Spanish Linux user group Hispalinux on Tuesday filed an antitrust complaint with the European Commission against Microsoft over the use of the UEFI (Unified Extensible Firmware Interface) Secure Boot feature in Windows 8 PCs.
Hispalinux asked the European Commission to grant a preliminary injunction requiring Microsoft to modify its current agreements and requirements for manufacturers that force them to implement Microsoft's UEFI Secure Boot, José María Lancho, an attorney and head of Hispalinux, said in an email. It also asked the Commission to find that Microsoft is wrongfully increasing its monopoly position in the OS market because it is controlling the UEFI Secure Boot, he added.
Microsoft requires the UEFI Secure Boot to be installed by manufacturers on PCs that run Windows 8. While this protects PCs against malware and the installation of other unwanted software, it also makes it harder for users to install Linux-based operating systems on Windows 8 PCs. This practice is viewed as anticompetitive behavior by some critics, who have accused Microsoft of using the UEFI requirement to try to lock out other operating systems.
The European Commission did not immediately return a request for comment. But the European Union's Competition Commissioner Joaquín Almunia said in a response to parliamentary questions on March 4 that he is aware of Microsoft's Windows 8 UEFI security requirements.
"The Commission is monitoring the implementation of the Microsoft Windows 8 security requirements. The Commission is however currently not in possession of evidence suggesting that the Windows 8 security requirements would result in practices in violation of EU competition rules," Almunia wrote at the time.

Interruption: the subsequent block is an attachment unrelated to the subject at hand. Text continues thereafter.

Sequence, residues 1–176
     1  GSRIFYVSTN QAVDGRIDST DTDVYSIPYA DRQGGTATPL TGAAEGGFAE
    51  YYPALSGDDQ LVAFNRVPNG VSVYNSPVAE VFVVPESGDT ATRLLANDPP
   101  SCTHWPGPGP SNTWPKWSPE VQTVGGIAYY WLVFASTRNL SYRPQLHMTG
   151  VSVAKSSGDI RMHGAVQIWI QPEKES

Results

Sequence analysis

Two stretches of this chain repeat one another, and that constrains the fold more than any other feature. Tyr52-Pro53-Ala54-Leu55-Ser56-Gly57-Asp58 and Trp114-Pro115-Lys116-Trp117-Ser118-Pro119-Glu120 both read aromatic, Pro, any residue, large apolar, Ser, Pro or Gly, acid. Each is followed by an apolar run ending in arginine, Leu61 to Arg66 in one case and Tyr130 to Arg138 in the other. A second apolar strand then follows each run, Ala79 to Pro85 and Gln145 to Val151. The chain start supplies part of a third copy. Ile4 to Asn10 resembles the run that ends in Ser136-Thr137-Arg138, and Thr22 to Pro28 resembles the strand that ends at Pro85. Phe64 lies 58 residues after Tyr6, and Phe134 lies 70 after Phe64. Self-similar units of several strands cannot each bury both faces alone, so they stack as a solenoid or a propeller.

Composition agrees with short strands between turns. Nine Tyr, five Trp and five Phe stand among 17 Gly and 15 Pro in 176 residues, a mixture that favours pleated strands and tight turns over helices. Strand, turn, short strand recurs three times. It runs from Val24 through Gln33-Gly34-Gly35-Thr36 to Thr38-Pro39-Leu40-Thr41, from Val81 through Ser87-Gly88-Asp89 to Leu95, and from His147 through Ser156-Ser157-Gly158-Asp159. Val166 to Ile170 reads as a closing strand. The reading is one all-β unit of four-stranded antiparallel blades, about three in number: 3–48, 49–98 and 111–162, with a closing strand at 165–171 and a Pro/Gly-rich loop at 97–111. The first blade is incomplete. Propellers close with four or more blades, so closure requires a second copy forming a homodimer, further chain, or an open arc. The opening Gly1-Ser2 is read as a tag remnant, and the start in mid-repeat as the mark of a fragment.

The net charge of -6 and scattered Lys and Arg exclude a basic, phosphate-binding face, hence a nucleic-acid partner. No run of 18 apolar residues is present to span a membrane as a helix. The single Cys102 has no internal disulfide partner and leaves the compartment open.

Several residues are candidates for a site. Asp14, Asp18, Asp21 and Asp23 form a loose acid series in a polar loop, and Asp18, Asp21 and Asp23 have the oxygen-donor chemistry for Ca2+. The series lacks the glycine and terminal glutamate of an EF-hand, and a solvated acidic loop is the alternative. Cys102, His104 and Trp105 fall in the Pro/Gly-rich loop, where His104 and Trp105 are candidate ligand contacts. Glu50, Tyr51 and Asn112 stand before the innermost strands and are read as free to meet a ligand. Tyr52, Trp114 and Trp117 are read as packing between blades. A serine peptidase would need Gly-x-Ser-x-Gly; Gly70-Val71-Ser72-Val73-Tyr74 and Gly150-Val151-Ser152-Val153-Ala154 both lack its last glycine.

"It appears" that manufacturers are required to give end users the option to disable secure boot, Almunia said.
The Commission will continue to monitor market developments to ensure competition and a level playing field are preserved among all market players, Almunia added.
But Hispalinux, which represents 8,000 users, contends that Microsoft's UEFI demands are anticompetitive. That is why the organization decided to file the antitrust complaint against this "obstruction mechanism," Lancho said.
Consumers lose control over their own machine because Microsoft takes control over the hardware, Lancho said. "The fact is that no software or operating system that needs the boot system to install or work, will be able to access the computer without Microsoft's prior permission," he said. This is "completely unjustified," he added.
"Microsoft's strategy, clearly designed to control the market and exclude competition, affects all software areas," he said.
A Microsoft spokesman in Brussels declined to comment on the matter.
Loek is Amsterdam Correspondent and covers online privacy, intellectual property, open-source and online payment issues for the IDG News Service. Follow him on Twitter at @loekessers or email tips and comments to firstname.lastname@example.org